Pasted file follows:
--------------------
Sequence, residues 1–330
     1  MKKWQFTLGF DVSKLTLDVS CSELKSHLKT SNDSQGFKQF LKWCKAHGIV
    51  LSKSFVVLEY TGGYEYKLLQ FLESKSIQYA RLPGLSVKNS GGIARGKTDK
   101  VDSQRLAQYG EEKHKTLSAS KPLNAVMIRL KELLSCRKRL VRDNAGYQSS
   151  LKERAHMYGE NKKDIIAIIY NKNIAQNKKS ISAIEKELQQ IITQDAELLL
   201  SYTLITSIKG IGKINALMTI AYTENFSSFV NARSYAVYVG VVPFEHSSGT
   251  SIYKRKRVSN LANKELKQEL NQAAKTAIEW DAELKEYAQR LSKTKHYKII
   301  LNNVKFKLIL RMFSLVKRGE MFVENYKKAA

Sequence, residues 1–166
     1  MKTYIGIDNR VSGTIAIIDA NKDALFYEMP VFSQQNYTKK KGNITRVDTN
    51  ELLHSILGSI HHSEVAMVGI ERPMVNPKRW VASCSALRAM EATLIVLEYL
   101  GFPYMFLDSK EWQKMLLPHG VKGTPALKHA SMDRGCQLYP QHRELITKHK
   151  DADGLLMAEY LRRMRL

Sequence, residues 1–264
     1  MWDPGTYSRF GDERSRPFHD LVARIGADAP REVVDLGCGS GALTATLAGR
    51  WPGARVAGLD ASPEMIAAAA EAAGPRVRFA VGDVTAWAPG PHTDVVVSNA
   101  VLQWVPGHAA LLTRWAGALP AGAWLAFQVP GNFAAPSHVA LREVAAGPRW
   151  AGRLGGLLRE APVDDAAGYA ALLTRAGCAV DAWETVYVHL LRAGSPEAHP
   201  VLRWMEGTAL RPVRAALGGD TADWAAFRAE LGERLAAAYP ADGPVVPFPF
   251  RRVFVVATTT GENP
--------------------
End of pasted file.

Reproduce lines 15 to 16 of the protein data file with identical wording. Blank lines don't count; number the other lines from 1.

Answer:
     1  MWDPGTYSRF GDERSRPFHD LVARIGADAP REVVDLGCGS GALTATLAGR
    51  WPGARVAGLD ASPEMIAAAA EAAGPRVRFA VGDVTAWAPG PHTDVVVSNA